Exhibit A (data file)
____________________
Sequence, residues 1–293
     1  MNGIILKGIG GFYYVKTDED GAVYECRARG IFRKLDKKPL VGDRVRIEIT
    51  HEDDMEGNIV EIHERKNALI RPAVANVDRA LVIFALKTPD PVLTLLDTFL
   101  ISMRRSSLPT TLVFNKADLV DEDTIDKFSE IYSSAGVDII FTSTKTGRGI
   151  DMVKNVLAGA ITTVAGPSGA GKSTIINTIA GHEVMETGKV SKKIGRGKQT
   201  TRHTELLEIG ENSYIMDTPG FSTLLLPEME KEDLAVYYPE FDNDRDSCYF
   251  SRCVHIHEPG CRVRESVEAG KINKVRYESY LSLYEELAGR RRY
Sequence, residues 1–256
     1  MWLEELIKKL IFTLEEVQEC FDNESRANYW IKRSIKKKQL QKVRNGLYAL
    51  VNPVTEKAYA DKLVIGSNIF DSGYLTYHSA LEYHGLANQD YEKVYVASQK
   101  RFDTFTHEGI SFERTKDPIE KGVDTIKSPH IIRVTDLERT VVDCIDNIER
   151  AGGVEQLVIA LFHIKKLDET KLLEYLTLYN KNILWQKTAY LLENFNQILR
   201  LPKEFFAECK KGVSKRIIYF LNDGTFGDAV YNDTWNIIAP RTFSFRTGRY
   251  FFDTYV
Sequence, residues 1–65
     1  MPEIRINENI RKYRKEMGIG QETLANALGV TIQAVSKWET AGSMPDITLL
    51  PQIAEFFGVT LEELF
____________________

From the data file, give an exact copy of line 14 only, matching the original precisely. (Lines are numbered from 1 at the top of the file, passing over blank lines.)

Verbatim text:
   251  FFDTYV